Two of the four countries I have lived in have been democracies. Although I don’t remember the election atmosphere of Uganda, the Kenyan one is a part of me. If I listen carefully, the echoes of those running to be members of parliament fill my ears in the same way they filled the air of Nairobi’s busiest streets. Posters are plastered to concrete walls, usually displaying a picture of a grown man in an expensive looking suit grinning creepily at passersby.
Rallies are more prominent as election day approaches, rallies in English, rallies in Kiswahili, rallies in 2nd Parklands, rallies at Uhuru Park.
Each candidate aching to be called President, aching to reside at the State House.
Before election day, however, is the presidential debate. And finally, election day arrives. Kenyans gather at voting stations, and excitedly, hopeful for change place the name of their preferred candidate into a ballot, after which they get a purple mark on their finger that signifies ‘voted’, and make their way back home, eagerly awaiting the results.
The election results lead to two bursts – bursts of celebration and bursts of violence. But like almost everything, they both cease. What remains is the elected body and the constant wait for improvements and promises to be met, sadly, seldom does the waiting come to an end.
This blog post is not aimed at the President of Kenya in particular (ok, maybe it is), but just presidency in general. The things that are wrong with it, and an ideal solution that most likely will never be put into action. But I live in the hope that it will.
So, presidency. We elect our President or the parliament based on what their parties put forward. Some may have put forward better healthcare, basic rights to education, enlarging the job market, etc etc. The lists are endless. And so, we elect our President based on what we feel the country needs for better living standards. Kenya’s situation has worsened, in terms of expenses and in terms of violence. The crime rates are soaring, and the risk of another terrorist attack has been lingering the pollution filled airs of Nairobi after the Westgate Attack. Just the other day, two bomb blasts went off in Mombasa, and then the next day in Nairobi. And also, the situation in Nigeria is equally terrifying, bomb blasts went off a few days back, and before that, more than 200 girls were abducted in broad daylight from their school.
You may wonder what presidency has to do with this, but I will tell you. The job of a president is quite clearly to ensure a better living standard, safety of its citizens, and all in all, a greater nation to live in. But Kenya seems to have failed. How come, after Westgate do we hear about more and more terrorist attacks? What is the president doing? Last I heard, he is hardly ever in Kenya, why then did he run for presidency? And what about Nigeria? The terrorist group has been spreading violence for a long enough while for the president and parliament to take some action, why then haven’t they taken any? What is the president doing? Last I heard he gave a speech talking about how Nigeria was in ‘trying times’, wasn’t Nigeria in trying times when the terrorist group shot down college students in their dormitory. Why have the rates of violence not gone down since then?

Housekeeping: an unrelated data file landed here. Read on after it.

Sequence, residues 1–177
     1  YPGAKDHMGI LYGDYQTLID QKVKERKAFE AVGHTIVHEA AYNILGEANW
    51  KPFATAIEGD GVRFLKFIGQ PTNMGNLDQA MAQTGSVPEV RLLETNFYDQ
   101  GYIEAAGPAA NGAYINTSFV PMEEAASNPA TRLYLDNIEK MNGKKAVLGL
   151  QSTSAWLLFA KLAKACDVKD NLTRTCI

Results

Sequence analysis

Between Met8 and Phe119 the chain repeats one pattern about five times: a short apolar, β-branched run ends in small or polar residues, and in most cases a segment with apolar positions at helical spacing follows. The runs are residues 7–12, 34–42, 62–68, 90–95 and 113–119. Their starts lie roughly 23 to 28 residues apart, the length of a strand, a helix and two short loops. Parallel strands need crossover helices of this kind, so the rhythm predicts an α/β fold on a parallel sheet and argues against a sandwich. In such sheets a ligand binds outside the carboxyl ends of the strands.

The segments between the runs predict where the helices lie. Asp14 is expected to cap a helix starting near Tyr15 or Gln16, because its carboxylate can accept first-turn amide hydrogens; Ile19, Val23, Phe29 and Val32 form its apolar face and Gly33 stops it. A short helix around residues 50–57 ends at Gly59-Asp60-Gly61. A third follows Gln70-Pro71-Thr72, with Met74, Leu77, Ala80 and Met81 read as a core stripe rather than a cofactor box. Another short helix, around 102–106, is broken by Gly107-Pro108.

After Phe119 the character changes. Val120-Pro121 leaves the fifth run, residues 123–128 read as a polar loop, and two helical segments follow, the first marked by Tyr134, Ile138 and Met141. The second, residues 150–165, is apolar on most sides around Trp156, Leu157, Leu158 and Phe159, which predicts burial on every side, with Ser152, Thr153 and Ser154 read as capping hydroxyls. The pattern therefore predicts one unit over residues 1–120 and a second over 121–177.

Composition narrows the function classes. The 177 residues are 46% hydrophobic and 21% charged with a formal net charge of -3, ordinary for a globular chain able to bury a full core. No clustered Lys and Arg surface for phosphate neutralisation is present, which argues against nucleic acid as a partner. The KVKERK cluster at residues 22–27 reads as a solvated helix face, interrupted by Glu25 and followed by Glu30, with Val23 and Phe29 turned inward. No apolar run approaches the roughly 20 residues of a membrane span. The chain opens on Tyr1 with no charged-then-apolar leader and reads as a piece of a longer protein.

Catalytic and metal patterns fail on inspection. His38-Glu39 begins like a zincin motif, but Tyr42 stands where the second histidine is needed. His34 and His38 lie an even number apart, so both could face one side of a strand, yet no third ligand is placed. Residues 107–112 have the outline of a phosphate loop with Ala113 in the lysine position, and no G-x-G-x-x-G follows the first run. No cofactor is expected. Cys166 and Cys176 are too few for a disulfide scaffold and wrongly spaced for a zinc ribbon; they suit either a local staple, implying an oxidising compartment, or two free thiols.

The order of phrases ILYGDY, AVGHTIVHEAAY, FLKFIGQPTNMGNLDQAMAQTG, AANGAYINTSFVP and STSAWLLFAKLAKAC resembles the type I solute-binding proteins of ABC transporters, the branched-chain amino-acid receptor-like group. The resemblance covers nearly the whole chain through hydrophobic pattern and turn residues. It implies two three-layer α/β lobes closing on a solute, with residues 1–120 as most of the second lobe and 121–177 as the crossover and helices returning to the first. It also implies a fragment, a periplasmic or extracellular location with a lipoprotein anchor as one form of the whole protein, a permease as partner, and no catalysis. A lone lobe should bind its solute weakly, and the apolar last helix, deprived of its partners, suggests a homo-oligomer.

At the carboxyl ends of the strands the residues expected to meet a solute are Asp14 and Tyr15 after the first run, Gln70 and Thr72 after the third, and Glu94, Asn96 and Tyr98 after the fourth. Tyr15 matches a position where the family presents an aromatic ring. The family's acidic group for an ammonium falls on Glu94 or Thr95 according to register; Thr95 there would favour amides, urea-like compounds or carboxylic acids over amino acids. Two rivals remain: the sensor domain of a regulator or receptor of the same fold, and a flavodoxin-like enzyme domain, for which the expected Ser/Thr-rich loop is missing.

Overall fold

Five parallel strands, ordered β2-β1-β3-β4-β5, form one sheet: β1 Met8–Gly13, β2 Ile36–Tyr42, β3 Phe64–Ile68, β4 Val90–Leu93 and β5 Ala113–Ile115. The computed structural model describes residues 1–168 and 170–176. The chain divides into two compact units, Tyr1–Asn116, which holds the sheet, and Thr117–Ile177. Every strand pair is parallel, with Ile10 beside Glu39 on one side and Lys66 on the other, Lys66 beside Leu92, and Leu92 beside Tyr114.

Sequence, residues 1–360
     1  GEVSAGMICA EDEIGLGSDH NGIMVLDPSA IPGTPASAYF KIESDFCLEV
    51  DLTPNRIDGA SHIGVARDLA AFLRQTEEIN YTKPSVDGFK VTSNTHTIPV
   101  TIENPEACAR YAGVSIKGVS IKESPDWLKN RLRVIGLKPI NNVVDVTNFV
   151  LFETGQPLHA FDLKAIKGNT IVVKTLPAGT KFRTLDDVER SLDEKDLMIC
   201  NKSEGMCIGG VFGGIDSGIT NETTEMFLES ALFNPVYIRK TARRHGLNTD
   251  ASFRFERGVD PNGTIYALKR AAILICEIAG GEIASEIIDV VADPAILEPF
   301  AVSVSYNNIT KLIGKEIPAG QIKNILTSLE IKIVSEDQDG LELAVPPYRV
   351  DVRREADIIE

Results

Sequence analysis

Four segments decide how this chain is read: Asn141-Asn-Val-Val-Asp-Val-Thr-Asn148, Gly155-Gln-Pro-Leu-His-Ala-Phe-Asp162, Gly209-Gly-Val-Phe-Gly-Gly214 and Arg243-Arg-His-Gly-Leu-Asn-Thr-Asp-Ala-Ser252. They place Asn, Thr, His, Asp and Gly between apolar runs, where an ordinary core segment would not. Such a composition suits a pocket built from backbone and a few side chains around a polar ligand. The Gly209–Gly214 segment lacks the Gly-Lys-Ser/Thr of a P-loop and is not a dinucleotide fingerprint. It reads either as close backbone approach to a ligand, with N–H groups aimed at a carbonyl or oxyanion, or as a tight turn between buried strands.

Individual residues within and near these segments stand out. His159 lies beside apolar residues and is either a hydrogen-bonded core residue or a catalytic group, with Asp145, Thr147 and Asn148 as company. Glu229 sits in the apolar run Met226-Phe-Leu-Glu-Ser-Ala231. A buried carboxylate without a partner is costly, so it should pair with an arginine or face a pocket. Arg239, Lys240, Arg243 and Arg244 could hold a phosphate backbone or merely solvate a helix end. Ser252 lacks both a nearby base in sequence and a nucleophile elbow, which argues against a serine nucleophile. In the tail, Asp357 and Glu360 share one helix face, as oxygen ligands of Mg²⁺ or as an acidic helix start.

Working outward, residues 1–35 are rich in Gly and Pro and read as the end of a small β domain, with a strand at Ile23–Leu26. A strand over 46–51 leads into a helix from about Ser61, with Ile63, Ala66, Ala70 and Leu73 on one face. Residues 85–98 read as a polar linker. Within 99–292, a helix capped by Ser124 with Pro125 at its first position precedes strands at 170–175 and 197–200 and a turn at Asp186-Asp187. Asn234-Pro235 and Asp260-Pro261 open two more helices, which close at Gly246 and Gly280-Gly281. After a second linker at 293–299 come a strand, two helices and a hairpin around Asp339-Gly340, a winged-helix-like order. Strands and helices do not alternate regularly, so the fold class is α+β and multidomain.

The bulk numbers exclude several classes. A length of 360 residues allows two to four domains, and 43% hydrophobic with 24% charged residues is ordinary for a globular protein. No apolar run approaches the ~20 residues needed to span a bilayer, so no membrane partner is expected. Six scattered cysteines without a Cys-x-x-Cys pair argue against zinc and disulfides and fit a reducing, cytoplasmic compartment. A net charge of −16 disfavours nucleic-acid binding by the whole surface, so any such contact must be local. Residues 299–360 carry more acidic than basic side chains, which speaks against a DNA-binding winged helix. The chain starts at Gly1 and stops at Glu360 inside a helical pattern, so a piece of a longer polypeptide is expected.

I am an amateur at this, but I have an answer. It is because the presidents do not care, if they did, it would be smack-dab in the front of our faces. Presidents are greedy, greedy for power, for money, for recognition. People are dying amidst their greed, but they don’t care. I am not just saying this, I have a back up. The president of Kenya recently signed a bill that legalized polygamy for men. The president of Kenya is a man. The church folks were against this but the president signed it anyway, why then hasn’t he legalized homosexual rights? What about rights for women? How many of you know about Liz that was gang raped and thrown into a gutter. What about the girls that, till today, are victims of genital mutilation. I have one answer, it doesn’t bother him, because changing the law will not personally benefit him. But polygamy, LEGALLY being allowed to marry women WITHOUT permission from his current wife, that, he benefits from. Why hasn’t he done anything about the violence in Kenya? Because he is safe, he has security, he is protected. His citizens, however, let them be blown up, get raped, get stabbed, get robbed, why should it bother him. I just want to make it clear that I am not accusing the president of incompetency, I am just giving my opinion on his selfish attitude that I very much do not care for.
So what must be done. Hm. Many a times I have heard people say that a gay president would be able to understand gay rights, a woman president would be better for understanding women rights, and so forth. That’s a valid point, but before someone is gay or a woman, they are human. The way I see it, we need a president that is human enough to care. Someone that is compassionate and not selfish. Someone that is greedy, (as much as I loathe the word greedy), for love, for freedom and above all, for equality. We need a president that is motivated by the human spirit, not the monetary high. To shorten it, we need humanity in our president.
That is the way I see it, you may think I am a delusional 21 year old because people like that hardly exist or whatever, but I still cling on to hope. Hope for a better tomorrow for my country, for countries like Nigeria, and for the whole world. It is hope that is at the brink of impossibility but I still hope. Moreover, I will speak up against any form of cruelty, I will preach compassion and equality as much as I can because we live in a world that is terribly complacent.
And till the day the world is a little better, such is presidency – bitter, selfish, and filled with complacency.